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Dissenting Opinion: Safety After Dark

By Lucy M. Caldwell, None

The Crimson Staff is correct in its assessment that students ought to take personal precautions in unsafe times. This is partly achieved through simple steps such as walking with companions late at night or calling upon the complementary Harvard University Campus Escort Program (HUCEP) when alone in an isolated area. However, the Staff’s suggestion that this crime wave has come about primarily because of lack of attention by students to their personal safety ignores several key factors at play in this issue.

First, the Staff glosses over the substantial role that the Harvard University Police Department (HUPD) does and should play in ensuring student safety. Rather than request that HUPD internally review its strategies in campus crime prevention or even encourage HUPD to engage with community members about their needs, the Staff dismisses such steps as the impulses of self-entitled students trying to shift blame away from themselves.

Additionally, the Staff implies that students’ late night habits are to blame in this crime wave, a suggestion that ignores the reality of life at Harvard College In addition to maintaining a 24-hour library, Harvard readily encourages student groups to hold meetings in campus facilities late into the evening and even allows courses to meet at night, forcing many students to make their way back to dorms long after dusk. Given that the University has not only accommodated but also incentivized our late night lifestyle, some onus inevitably shifts onto the administration to expand security budgets or explore new safety measures to protect students. A University should not put a price on student safety.

Finally, the Staff’s view of campus security neglects to address the way in which this is a gender issue. Female undergraduates face far more threats to their safety and are assaulted at much higher rates than men. Blue light stations provide little consolation for the real fear women regularly face at night as they walk alone through pitch-black streets, passing threatening alleys every few yards. Surely, women must take some degree of responsibility for their personal security—a pitfall of some women’s advocacy groups is that they inaccurately envision a world in which women may travel as freely as men without worries—but in a school-type setting, a woman’s life can’t stop after sundown.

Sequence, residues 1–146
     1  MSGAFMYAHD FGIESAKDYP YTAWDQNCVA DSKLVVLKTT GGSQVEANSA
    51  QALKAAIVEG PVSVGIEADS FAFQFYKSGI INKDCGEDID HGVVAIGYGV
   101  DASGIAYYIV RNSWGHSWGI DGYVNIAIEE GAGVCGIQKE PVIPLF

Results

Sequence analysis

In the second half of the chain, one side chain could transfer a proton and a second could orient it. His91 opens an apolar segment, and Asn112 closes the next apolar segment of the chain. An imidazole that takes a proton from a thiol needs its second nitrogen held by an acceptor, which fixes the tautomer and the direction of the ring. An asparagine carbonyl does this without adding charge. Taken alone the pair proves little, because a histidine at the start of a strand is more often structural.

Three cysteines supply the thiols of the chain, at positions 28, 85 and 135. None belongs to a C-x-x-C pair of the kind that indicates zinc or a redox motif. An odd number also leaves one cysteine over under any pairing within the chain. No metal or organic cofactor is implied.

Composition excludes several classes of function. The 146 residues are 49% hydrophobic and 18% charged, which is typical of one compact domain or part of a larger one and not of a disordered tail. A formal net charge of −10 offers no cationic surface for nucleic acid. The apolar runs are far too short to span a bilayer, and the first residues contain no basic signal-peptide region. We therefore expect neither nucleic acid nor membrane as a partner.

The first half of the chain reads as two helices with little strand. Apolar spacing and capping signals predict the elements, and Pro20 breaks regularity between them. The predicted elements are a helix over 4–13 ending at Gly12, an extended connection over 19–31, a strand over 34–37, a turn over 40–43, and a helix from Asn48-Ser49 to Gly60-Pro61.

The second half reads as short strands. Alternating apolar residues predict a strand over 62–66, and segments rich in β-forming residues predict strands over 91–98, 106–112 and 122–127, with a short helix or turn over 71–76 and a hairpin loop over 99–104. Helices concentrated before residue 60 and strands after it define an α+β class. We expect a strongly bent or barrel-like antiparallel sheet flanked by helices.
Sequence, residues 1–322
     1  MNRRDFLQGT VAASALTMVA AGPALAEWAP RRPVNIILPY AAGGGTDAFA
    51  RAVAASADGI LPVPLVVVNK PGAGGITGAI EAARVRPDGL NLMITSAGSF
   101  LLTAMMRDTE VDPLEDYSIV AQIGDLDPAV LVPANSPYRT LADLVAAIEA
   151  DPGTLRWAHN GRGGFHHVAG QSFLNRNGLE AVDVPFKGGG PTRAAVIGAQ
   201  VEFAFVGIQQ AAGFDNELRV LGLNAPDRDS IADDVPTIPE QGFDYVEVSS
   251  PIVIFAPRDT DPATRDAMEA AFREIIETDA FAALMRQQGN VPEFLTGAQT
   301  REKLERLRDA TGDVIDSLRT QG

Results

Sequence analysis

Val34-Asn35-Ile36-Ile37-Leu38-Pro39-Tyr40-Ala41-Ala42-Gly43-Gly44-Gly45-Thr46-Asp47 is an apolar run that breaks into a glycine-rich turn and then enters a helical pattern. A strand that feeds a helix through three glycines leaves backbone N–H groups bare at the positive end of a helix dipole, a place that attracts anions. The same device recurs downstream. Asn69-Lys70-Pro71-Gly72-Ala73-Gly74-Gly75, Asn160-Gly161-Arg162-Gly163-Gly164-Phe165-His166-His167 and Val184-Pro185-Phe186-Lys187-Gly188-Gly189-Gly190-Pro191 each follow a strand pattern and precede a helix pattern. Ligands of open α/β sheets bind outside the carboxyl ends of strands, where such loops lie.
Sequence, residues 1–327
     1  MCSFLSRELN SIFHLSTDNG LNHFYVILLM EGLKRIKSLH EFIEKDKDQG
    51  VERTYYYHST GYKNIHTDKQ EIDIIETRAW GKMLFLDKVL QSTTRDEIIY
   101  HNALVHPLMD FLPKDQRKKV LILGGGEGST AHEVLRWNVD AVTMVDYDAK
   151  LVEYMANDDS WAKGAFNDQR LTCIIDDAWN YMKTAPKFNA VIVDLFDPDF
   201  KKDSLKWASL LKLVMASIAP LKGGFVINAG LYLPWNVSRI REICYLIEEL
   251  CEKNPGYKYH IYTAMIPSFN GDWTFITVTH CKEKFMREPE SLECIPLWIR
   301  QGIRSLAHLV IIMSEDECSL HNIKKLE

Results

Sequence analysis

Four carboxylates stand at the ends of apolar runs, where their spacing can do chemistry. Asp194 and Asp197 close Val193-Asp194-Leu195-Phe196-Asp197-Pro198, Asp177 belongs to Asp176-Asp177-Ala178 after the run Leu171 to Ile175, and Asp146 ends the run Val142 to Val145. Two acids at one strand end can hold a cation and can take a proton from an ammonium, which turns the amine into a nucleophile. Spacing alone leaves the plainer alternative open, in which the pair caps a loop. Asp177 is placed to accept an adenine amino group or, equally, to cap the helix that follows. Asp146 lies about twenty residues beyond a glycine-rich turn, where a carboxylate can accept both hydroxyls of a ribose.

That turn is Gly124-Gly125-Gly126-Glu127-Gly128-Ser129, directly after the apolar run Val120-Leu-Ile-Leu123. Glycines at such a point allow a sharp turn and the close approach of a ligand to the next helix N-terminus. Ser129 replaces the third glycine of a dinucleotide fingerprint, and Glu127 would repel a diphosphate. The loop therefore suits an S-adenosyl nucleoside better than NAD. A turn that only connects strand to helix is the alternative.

The Staff points out that Harvard is an urban college. Urban or not, we are still college students and not Manhattanites, and this is an educational community, not a metropolis. Our campus is not “the real world”—and the same paternalism that prohibits us from using our fireplaces or appliances in our dorms out of an attention to safety should be directed at ensuring our protection as we stroll from Mass. Ave. to our dorms along the Charles.



Lucy M. Caldwell ’09 is a history and literature concentrator in Adams House.

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